Americans are gravitating to coffee, drifting from energy drinks for fuel during pandemic, Packaged Facts finds

Torri Donley

The slowdown in energy drink sales and corresponding uptick in coffee consumption can be traced back in large part to shifts in where consumers are shopping during the pandemic, but also to their emotional needs and the corresponding benefits each beverage offers, according to Packaged Fact’s US Beverage Market Outlook […]

The slowdown in energy drink sales and corresponding uptick in coffee consumption can be traced back in large part to shifts in where consumers are shopping during the pandemic, but also to their emotional needs and the corresponding benefits each beverage offers, according to Packaged Fact’s US Beverage Market Outlook 2020: Grocery Shopping & Personal Consumption in the Coronavirus Era​.

The report explains that energy drink sales have slowed – but are still growing year-over-year – during the pandemic because most are sold in convenience stores, which have experienced a dramatic drop-off in foot traffic since the coronavirus outbreak occurred.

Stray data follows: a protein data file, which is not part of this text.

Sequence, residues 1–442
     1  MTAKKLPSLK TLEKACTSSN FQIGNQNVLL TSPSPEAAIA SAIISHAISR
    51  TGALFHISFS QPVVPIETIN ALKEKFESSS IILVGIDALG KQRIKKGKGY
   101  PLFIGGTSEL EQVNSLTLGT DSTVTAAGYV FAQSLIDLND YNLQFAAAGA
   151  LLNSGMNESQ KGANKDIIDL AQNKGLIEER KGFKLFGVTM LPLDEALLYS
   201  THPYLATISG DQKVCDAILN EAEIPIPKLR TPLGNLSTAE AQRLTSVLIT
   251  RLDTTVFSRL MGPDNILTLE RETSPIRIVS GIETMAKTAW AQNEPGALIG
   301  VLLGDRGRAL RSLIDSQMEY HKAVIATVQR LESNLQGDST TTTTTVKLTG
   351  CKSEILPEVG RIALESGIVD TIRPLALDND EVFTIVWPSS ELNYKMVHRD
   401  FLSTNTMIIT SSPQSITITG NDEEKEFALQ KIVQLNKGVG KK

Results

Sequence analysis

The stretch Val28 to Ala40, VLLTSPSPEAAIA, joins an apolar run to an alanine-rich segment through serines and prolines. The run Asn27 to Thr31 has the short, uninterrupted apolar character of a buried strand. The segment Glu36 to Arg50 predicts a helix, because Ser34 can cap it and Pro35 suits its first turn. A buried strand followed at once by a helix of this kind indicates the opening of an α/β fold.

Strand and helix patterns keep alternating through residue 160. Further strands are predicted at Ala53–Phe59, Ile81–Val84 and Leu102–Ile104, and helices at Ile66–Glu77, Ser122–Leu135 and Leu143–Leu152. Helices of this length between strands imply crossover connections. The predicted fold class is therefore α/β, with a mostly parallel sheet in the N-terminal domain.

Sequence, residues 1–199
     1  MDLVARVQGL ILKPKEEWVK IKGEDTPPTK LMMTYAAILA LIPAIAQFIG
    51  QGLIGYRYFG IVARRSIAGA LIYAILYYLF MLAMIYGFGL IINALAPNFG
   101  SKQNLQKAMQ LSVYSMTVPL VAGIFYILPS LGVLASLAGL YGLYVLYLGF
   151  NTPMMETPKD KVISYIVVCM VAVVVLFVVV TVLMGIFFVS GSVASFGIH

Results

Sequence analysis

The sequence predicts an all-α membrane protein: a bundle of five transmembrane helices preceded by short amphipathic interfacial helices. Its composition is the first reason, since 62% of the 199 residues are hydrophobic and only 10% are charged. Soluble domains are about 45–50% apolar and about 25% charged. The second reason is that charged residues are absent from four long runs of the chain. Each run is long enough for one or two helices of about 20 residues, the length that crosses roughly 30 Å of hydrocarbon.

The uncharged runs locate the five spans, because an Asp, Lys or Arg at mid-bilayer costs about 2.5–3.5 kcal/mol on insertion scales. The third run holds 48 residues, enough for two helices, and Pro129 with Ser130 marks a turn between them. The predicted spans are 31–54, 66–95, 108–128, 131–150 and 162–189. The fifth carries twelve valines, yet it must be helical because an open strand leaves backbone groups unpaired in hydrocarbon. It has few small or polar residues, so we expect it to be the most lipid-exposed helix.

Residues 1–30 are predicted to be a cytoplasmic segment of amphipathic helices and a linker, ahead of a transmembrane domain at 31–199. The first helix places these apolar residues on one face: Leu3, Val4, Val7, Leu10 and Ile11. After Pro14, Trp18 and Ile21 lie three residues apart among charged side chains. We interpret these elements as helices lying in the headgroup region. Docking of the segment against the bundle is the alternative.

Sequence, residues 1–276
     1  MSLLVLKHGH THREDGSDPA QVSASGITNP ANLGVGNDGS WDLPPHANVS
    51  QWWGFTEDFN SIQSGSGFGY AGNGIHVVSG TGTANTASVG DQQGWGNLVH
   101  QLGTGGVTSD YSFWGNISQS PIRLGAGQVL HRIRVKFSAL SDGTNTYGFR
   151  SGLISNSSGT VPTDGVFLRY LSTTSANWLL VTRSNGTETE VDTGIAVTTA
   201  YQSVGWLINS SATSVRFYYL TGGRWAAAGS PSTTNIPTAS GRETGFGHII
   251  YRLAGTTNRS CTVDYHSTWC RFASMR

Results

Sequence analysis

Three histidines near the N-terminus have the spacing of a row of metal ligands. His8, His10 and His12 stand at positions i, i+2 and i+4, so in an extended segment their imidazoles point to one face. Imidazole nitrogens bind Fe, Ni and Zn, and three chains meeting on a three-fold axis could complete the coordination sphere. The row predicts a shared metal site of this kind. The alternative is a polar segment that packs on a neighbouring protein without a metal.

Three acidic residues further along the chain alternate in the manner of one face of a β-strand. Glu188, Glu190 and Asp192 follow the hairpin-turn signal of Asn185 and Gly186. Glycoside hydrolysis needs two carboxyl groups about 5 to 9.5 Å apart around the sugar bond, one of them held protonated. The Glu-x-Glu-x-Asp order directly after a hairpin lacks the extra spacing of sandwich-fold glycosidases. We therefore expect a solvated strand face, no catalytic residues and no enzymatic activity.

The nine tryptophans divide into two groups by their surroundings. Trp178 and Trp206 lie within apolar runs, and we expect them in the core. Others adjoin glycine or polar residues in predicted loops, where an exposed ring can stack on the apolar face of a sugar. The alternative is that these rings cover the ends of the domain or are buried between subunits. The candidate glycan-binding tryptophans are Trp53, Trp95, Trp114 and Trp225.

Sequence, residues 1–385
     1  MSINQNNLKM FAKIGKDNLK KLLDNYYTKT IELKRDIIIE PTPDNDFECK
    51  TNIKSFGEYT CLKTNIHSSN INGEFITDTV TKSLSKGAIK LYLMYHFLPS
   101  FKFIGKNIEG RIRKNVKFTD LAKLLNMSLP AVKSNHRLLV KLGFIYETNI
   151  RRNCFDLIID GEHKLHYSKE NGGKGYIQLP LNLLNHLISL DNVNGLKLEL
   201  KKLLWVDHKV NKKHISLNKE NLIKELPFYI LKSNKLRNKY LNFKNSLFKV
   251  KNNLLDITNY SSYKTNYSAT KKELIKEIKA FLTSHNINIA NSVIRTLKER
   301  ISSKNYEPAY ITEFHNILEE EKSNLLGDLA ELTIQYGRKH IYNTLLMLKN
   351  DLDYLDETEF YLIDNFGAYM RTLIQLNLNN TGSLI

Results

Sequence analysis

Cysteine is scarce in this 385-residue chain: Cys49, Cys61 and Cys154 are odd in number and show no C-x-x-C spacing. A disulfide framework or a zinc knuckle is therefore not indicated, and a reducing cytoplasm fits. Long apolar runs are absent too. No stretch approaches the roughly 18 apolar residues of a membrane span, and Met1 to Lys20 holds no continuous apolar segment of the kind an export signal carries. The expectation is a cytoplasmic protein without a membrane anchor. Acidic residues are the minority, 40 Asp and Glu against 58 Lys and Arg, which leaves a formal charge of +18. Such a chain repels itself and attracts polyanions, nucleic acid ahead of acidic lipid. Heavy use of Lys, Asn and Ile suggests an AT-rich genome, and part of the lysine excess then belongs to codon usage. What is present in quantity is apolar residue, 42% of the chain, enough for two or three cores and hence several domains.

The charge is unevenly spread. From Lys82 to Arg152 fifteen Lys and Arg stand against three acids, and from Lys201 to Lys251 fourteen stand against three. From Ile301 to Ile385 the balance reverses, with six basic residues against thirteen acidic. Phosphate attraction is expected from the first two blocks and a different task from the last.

“Some 56% of energy and sports sales are from c-stores, with energy drinks relying on the channel for about 70% of sales,”​ according to the report.

“During the coronavirus pandemic, especially in the initial panic wave, most consumers shifted grocery purchases to large grocery chains, mass merchandisers and club stores,”​ where they could purchase all their household needs in one stop, it adds. “Beverage sales in convenience stores, especially those linked to gas stations, have been hurt the most, as people are driving far less and core customers like laborers are not working in many areas.”

Wide distribution gives coffee an edge

Coffee, on the other hand, is sold in most of the places that shoppers have gravitated since the outbreak, including online – where Packaged Facts reports it does extremely well compared to other foods and beverages.

“Internet food sales are growing rapidly, but still represent a very small share of sales. E-commerce’s impact varies by category, ranging from less than 1% to 3% of sales. Coffee and tea sell the best, while dairy beverages and juices underperform,”​ the report notes.

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